He attempts to do so in three main ways: by doing basic biogerontology research, by identifying and promoting specific technological approaches to the reversal (not merely the prevention) of various aspects of aging, and by arguing in a wide range of forums, extending beyond biologists, for the adoption of a more proactive approach to extending the healthy human lifespan sooner rather than later. His Transvision 2007 presentation, describing the recent advances of his anti-aging research was named “The Mythical Merits of Mealy-Mouthed Messaging.”
Michael Anissimov, Fundraising Director for the Lifeboat Foundation in North America,
with Michael Vassar in March of 2007
Michael Vassar’s writings on the impacts of molecular manufacturing and other transformative technological trends have been featured on futurist.com, KurzweilAI.net and the Lifeboat Foundation website. He is the author of “Corporate Cornucopia: Examining the Special Implications of Commercial MNT Development” and Lifeboat Nanoshield with Robert Freitas. He has been a transhumanist since he read “How and Why: Genetics” at age 7.
Michael Vassar spoke at the May 2007 Bioethics conference entitled Human Rights for the 21st Century, organized by the International Humanist and Ethical Union and the Institute for Ethics and Emerging Technologies. In his presentation, “Lead Me Not Into Temptation: Implications of the Folk Psychology of Willpower,” he offers plausible explanations for the long-standing hostility towards conceptions of cognitive liberty presently found throughout the world.
George Dvorsky and Ben Hyink at Transvision 2007
Ben Hyink has contributed to transhumanism activism through his work with the Transhumanist Student Network and by serving as an intern for the Institute for Ethics and Emerging Technologies. He received the JBS Haldane Award in 2007, presented by James Hughes at the Transvision awards ceremony. His essay “Personhood Rights,” presents an argument for extending the status of personhood to non-humans, though not to entities that for all we know are mindless but happen to contain human DNA. The essay was first published in the Summer 2005 issue of the Northwestern University magazine The Protest.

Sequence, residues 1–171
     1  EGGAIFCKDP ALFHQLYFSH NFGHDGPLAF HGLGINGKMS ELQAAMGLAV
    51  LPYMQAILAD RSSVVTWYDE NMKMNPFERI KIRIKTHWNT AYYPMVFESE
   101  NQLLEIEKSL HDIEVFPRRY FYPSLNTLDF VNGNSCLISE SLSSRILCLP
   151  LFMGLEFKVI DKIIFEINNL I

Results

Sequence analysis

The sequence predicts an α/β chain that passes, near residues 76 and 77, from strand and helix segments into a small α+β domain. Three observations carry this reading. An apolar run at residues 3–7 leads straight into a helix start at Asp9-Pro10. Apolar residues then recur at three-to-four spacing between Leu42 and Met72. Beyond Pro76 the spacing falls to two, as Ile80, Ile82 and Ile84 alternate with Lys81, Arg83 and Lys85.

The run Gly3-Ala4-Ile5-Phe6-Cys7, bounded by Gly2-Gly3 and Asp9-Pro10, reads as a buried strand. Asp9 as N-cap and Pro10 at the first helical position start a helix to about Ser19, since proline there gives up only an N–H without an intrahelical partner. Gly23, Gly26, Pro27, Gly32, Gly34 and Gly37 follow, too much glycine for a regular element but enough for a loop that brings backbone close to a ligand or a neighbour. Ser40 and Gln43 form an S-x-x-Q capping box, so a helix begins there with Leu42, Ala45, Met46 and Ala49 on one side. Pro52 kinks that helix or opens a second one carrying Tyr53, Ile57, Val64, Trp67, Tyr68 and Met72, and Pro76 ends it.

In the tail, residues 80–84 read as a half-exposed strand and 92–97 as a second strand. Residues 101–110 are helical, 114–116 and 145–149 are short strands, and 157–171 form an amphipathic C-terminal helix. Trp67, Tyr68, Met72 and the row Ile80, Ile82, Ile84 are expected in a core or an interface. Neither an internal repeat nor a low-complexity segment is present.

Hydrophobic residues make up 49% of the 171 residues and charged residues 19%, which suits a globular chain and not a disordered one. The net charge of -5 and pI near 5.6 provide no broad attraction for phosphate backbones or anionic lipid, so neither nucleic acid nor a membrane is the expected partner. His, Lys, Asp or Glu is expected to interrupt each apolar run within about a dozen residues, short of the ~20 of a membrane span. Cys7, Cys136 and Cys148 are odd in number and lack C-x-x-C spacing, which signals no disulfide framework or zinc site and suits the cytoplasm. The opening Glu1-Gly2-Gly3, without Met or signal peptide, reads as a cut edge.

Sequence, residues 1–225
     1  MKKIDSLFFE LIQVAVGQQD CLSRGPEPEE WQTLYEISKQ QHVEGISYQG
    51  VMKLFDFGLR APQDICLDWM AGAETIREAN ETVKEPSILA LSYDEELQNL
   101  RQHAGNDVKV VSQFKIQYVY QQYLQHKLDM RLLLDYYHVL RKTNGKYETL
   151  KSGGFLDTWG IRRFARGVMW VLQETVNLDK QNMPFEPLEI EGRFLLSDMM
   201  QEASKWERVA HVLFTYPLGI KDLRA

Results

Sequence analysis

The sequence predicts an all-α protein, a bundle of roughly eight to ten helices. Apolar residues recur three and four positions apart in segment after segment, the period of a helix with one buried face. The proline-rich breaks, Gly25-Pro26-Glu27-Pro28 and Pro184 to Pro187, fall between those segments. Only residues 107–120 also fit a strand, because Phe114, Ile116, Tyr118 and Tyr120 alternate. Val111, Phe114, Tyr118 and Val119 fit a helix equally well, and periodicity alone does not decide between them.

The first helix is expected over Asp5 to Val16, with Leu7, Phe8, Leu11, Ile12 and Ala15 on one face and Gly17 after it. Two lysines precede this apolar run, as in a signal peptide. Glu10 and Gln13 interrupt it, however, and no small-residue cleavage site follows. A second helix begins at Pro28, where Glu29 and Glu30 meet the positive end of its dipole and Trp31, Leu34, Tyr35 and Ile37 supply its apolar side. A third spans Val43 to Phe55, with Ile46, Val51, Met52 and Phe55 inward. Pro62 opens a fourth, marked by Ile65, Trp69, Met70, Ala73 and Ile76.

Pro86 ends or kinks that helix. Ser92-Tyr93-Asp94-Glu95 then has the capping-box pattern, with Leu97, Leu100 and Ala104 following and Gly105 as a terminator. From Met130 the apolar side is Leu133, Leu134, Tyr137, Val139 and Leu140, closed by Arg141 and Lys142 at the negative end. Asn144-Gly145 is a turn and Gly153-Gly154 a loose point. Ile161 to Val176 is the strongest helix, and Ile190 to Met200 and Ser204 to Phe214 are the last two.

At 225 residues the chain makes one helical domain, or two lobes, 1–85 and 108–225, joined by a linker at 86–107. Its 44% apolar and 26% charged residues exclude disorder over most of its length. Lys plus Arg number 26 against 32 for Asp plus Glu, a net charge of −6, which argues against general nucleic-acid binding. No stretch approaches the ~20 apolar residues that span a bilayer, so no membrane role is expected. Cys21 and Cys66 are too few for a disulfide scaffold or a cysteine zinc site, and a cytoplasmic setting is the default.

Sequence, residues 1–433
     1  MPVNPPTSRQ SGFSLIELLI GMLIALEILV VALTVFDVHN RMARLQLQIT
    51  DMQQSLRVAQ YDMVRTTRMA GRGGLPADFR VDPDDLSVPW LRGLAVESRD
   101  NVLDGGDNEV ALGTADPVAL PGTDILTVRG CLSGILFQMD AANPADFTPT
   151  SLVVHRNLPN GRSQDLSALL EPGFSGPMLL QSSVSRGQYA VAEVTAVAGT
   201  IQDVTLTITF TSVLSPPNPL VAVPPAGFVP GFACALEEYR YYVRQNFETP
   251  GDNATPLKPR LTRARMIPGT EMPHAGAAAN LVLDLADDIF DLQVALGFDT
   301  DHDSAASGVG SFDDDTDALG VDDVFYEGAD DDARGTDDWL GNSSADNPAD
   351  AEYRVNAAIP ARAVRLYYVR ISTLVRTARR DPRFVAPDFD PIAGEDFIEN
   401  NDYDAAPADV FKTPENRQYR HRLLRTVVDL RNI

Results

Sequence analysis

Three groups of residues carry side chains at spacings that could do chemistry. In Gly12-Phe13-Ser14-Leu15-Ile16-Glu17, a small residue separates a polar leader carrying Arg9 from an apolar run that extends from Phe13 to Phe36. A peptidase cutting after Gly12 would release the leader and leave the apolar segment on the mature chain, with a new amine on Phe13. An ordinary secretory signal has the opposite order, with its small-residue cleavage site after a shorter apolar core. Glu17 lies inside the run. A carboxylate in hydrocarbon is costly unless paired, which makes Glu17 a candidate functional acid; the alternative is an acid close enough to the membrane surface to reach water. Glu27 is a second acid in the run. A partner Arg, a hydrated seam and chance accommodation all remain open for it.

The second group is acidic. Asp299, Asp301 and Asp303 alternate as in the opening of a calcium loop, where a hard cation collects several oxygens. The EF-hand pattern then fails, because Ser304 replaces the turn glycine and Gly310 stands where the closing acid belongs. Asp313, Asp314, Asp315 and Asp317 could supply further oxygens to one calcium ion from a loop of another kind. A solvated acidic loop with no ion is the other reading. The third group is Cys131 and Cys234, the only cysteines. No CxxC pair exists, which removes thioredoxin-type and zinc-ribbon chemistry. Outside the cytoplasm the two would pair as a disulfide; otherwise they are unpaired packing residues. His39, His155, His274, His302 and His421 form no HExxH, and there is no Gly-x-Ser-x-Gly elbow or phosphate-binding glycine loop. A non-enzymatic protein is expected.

Verdant’s Michael Ekstract and Reason’s science correspondent Ronald Bailey at TV07
Ronald Bailey is the award-winning science correspondent for Reason, the libertarian monthly named one of “The 50 Best Magazines” three out of the past four years by the Chicago Tribune. Established in 1968 and a four-time finalist for National Magazine Awards, Reason has a print circulation of 40,000 and won the 2005 Western Publications Association “MAGGIE” Award for best political magazine. Reason Online, the magazine’s Web edition, draws 2.4 million visits per month, and the staff weblog Hit & Run has been named by Playboy, Washingtonian, and others as one of the best political blogs.
He is the author of the new book Liberation Biology: The Moral and Scientific Case for the Biotech Revolution (Prometheus), and his work appears in the The Best American Science and Nature Writing 2004. In April, 2006, Bailey was shortlisted by the editors of Nature Biotechnology as one of the 22 personalities who have made the most significant contributions to biotechnology in the area of society and ethics in the last 10 years. At Transvision 2007, he presented a talk entitled “Envisioning a Post-Scarcity Economy.”
Anders Sandberg at Transvision 2007
Dr. Anders Sandberg is a Swedish neuroscientist, science debater, futurist, transhumanist, and author. He earned a Ph.D. in computational neuroscience in 2003 from Stockholm University. He is currently researcher in the Oxford group of the EU ENHANCE Project at the Uehiro Centre for Practical Ethics and research associate at the Future of Humanity Institute (both part of Faculty of Philosophy, Oxford University).
He is cofounder of and writer for the think tank Eudoxa. Between 1996 and 2000 he was Chairman of the Swedish Transhumanist Association. He has also been scientific producer for the neuroscience exhibition “Se Hjärnan!” (“Behold the Brain!”), organized by Swedish Traveling Exhibitions, the Swedish Research Council and the Knowledge Foundation that is touring Sweden 2005-2006. His presentation at Transvision 2007 was called “A Roadmap Toward Whole Brain Emulation” and subtitled, “Why Philosophers Actually Care About Microscope Jitter.”
George Dvorsky with Charlie Kam, Conference Chairman of TV07
George Dvorsky is the Deputy-Editor of Betterhumans, co-founder and president of the Toronto Transhumanist Association, and the producer of the award-winning Sentient Developments blog and podcast. He served as conference chair for Transvision 2004 conference in Toronto, the World Transhumanist Association’s annual conference, and is the co-director of the Institute for Ethics and Emerging Technologies Cyborg Buddha project. He has discussed through print and broadcast media the subjects of bioethics, on topics ranging from disability rights to athletics enhancement.
At Transvision 2007 he gave a presentation entitled “Whither ET? What the Failing Search for Extraterrestrial Intelligence Tells Us About Humanity’s Future.” The talk addressed the problem of the Fermi Paradox, the apparent contradiction between high estimates of the probability of the existence of extraterrestrial civilizations and the lack of evidence for or contact with ETs.